In the case of Brogden v Investec Bank, the High Court considered whether the amount of a bonus pool was discretionary, meaning that Investec was required to act in good faith in calculating it. The bankers in question had received zero bonuses.
The bonus in question was calculated as a set percentage of ‘EVA’ (Economic Value Added). The question the court had to consider was essentially whether the EVA was a woolly enough concept to amount to a ‘discretionary’ figure.
The significance of this is that, where a contract allows for the use of discretion (such as when paying a bonus), the discretion must be exercised honestly in good faith, and must not be exercised arbitrarily, capriciously or irrationally.
In this case the bank calculated the EVA as nil, so that no bonus was paid at all. The claimants disputed the bank’s calculation. They resigned and claimed the multi-million bonuses they said they would have been due had the bank acted rationally/in good faith etc.
The Bank said there was no good faith requirement, because the EVA was certain and not discretionary.
High Court found that the calculation was effectively a discretion. However, it also held that Bank, had acted rationally in its calculation and therefore the zero payments should stand in any case.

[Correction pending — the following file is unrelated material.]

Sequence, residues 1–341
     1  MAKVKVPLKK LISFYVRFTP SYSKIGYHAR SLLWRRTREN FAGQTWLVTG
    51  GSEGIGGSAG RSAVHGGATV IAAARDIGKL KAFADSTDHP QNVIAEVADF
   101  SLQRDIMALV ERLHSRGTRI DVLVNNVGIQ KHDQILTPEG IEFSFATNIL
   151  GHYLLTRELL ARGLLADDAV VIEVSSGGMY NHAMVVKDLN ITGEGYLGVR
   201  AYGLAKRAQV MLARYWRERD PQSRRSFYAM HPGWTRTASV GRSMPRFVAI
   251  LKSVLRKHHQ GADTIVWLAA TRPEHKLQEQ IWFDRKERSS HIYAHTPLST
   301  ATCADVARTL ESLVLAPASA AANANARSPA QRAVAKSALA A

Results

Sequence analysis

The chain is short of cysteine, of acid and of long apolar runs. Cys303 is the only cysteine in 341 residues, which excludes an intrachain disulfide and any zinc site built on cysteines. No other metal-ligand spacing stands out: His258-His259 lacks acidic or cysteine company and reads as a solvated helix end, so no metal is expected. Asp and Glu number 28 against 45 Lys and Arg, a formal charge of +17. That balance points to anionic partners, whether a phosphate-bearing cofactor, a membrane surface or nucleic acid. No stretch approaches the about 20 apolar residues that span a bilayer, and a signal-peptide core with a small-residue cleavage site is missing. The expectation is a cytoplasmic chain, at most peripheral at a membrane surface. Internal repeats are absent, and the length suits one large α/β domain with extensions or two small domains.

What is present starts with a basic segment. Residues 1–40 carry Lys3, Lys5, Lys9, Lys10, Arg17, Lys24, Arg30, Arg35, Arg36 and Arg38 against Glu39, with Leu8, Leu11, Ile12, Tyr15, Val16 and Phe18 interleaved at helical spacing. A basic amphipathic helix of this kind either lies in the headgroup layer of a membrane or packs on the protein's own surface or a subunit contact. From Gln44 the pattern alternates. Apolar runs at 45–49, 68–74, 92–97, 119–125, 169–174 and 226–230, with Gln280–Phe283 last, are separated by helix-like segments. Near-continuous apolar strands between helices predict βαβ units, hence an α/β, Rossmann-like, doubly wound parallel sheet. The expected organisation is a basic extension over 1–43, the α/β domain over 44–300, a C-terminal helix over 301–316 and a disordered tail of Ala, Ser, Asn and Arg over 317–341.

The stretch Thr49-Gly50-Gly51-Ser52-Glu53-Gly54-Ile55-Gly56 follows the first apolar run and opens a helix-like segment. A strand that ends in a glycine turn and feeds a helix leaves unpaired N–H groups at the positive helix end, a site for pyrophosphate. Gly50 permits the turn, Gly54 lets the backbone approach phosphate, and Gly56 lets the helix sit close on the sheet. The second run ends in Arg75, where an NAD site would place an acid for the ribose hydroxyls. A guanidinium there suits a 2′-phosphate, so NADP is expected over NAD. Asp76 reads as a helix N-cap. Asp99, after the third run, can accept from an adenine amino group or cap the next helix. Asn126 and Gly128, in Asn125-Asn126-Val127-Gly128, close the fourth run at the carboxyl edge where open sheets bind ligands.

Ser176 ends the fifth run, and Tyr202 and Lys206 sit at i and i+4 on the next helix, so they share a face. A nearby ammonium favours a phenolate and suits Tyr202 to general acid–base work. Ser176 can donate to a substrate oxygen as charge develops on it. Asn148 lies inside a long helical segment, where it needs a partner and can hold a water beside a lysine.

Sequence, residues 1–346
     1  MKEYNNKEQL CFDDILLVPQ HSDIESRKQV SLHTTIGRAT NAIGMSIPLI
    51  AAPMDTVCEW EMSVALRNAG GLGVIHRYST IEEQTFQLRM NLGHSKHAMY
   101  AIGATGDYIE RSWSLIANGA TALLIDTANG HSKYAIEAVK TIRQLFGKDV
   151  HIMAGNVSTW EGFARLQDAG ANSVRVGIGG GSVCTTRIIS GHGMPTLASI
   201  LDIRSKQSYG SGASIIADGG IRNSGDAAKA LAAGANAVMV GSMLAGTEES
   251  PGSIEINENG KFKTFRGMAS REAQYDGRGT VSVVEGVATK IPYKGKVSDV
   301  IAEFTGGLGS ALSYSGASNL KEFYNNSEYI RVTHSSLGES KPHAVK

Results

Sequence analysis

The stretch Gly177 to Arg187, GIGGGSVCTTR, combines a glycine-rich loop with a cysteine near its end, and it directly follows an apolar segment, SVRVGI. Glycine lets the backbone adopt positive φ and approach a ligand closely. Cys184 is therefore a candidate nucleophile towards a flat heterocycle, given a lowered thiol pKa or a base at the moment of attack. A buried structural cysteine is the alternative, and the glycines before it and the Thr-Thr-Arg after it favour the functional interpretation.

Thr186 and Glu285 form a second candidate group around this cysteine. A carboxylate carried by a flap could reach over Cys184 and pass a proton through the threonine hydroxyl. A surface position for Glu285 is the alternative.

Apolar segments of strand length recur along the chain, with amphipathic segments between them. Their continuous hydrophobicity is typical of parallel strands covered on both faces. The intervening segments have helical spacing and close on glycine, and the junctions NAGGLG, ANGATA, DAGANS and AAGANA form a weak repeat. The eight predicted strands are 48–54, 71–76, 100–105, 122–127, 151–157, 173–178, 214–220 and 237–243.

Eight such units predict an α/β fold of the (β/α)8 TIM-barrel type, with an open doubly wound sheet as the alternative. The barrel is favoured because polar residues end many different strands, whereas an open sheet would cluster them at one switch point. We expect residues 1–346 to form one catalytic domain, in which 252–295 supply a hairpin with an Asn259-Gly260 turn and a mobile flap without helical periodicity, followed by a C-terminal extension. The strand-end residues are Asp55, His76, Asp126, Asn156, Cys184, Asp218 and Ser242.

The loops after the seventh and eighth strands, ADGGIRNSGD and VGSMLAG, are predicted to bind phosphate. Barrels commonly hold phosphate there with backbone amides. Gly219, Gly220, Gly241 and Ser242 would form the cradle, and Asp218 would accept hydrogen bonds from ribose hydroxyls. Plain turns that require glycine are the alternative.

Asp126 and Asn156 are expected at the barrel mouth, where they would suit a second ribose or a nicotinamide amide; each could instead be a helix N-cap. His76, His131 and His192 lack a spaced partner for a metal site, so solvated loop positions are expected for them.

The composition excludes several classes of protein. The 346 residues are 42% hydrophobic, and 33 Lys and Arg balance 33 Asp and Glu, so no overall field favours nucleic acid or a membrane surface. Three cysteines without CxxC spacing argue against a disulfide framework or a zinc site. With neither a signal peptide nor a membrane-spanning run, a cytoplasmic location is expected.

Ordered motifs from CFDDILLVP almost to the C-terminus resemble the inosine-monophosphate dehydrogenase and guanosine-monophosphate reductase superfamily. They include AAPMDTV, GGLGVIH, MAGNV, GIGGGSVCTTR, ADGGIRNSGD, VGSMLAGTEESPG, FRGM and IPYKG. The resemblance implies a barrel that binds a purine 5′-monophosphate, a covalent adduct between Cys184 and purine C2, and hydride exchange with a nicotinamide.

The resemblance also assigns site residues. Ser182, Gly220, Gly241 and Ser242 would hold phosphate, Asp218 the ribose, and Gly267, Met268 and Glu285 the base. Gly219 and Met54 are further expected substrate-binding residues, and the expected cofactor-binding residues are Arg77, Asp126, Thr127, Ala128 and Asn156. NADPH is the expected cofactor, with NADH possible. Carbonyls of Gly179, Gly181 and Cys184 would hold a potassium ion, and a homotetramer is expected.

The case helpfully confirmed that a contractual discretion (and therefore, on obligation for the party with the discretion to act rationally) will only apply where:
(a) a contract gives responsibility to one party for making an assessment or exercising a judgment on a matter which materially affects the other party’s interests;
(b) the matter is one about which there is ample scope for reasonable differences of view; and
(c) the decision is final and binding on the other party, in the sense that a court will not substitute its own judgment for that of the other party who makes the decision.
So, put simply, whenever one party is given the right to determine a matter linked to a bonus, care should be taken to do so rationally, and in good faith.